0
$\begingroup$

Today I was curiously calculating/comparing the times of moving observers and the time recorded by a corresponding stationary observer using Einstein's time dilation equation as detailed in Special Relativity. I was just trying to see the relation between the time recorded by the moving observer compared to the stationary one at various fractions of the speed of light. I noticed that the dilation experienced by the stationary observer when 1 second passes for the moving observer are the same values I get when I divide the time passed for the stationary observer by the time passed for the moving observer at different spans of time (i.e 1 hour and 1 year passed for the moving observer)

I'll post a pic of my results below.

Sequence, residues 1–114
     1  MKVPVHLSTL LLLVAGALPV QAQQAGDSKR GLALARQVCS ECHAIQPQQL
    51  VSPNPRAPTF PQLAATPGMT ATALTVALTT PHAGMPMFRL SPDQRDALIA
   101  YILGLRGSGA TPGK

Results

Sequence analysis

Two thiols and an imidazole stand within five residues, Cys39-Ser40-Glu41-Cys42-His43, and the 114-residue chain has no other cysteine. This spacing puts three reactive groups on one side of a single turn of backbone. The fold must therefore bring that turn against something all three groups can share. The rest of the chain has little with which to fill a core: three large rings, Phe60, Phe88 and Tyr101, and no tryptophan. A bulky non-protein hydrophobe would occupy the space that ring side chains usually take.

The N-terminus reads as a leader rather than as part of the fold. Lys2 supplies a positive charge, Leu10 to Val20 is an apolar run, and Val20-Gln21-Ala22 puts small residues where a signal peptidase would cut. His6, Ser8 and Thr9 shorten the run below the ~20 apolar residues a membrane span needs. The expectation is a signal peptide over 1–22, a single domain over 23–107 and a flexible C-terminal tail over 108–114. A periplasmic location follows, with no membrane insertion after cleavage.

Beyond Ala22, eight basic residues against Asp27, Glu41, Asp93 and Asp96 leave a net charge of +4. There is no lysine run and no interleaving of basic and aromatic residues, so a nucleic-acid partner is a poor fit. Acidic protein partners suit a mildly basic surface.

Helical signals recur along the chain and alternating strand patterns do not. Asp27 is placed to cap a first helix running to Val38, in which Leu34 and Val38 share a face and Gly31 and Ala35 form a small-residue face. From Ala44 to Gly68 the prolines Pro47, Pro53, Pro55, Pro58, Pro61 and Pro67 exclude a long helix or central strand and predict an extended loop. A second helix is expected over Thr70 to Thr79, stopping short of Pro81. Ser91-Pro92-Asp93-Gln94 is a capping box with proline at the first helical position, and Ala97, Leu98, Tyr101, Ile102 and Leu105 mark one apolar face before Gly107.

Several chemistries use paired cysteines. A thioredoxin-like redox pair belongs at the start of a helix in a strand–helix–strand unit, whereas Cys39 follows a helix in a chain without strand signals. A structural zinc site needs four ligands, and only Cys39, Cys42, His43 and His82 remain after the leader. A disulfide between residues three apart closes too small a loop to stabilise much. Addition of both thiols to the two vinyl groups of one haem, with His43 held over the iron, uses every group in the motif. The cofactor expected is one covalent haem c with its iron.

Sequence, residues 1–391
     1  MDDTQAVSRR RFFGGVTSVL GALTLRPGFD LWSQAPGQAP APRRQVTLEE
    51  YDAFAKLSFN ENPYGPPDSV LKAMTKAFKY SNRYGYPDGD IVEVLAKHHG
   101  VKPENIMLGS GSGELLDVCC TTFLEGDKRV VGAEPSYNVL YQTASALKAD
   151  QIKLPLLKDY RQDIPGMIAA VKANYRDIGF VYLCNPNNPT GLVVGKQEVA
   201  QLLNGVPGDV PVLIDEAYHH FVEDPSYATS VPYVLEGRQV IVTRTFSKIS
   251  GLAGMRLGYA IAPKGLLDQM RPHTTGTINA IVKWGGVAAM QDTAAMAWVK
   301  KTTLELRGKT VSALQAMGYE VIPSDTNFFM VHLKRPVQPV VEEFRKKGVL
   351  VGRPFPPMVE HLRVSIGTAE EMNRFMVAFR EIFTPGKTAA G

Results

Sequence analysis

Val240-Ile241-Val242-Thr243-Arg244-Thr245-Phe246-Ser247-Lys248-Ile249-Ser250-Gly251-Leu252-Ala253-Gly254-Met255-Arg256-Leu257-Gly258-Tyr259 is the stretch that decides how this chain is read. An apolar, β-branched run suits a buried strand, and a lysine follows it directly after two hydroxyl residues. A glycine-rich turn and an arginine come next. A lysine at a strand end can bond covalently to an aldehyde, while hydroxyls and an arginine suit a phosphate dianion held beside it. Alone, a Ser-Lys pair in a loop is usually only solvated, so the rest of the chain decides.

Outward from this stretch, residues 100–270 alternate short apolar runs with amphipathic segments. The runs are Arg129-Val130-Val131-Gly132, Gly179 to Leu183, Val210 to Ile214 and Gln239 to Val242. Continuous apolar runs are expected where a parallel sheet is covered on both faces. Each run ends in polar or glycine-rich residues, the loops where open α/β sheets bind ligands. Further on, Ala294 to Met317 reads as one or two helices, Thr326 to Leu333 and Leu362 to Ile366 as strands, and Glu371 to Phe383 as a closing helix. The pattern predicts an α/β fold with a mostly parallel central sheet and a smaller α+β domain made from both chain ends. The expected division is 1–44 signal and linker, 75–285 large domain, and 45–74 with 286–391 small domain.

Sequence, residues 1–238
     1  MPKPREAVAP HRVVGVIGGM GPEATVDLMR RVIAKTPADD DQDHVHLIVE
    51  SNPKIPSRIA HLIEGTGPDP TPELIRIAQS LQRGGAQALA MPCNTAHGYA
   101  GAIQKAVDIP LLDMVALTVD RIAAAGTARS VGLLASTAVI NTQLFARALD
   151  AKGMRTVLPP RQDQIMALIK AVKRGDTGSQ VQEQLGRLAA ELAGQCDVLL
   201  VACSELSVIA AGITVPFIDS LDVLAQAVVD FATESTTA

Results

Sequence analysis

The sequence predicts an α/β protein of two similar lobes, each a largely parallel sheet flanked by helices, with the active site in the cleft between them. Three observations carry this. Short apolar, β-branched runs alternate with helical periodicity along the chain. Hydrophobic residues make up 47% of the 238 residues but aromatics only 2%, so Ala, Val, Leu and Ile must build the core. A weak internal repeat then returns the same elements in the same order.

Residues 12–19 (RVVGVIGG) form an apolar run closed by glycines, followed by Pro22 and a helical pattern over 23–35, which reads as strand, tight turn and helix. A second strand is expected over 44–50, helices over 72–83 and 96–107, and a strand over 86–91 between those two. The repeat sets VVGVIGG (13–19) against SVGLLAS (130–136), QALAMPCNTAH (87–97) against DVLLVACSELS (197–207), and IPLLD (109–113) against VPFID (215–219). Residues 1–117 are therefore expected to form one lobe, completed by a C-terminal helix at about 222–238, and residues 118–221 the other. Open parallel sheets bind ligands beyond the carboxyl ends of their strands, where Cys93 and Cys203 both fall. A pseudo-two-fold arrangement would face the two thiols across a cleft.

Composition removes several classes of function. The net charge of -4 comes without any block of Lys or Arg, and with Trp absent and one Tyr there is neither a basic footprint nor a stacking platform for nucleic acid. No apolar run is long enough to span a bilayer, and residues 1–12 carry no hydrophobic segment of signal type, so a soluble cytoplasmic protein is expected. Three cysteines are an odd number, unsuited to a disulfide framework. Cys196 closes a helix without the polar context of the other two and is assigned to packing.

Picture of Excel table for clarification and e.g values

Can anyone tell me the connection between the ratio of time dilation of the moving observer and the stationary observer and the values I'm getting for the time dilation of 1 sec?

$\endgroup$
0
$\begingroup$

The ratio of $\Delta t_s$ to $\Delta t_r$ is always $$ \frac{ \Delta t_s }{ \Delta t_r } = \frac{1}{\sqrt{1-\frac{v^2}{c^2} } } = \gamma $$ This is completely independent of what $\Delta t_s$ or $\Delta t_r$ you choose. Also, if you choose $\Delta t_{r_1} = 1$, then $\Delta t_{s_1} = \gamma$. We must therefore have $$ \Delta t_{s_1} = \frac{ \Delta t_{s_2} }{ \Delta t_{r_2} } = \frac{ \Delta t_{s_3} }{ \Delta t_{r_3} } = \frac{1}{\sqrt{1-\frac{v^2}{c^2} } } = \gamma $$ as you are finding.

$\endgroup$

Your Answer

By clicking “Post Your Answer”, you agree to our terms of service, privacy policy and cookie policy

Not the answer you're looking for? Browse other questions tagged or ask your own question.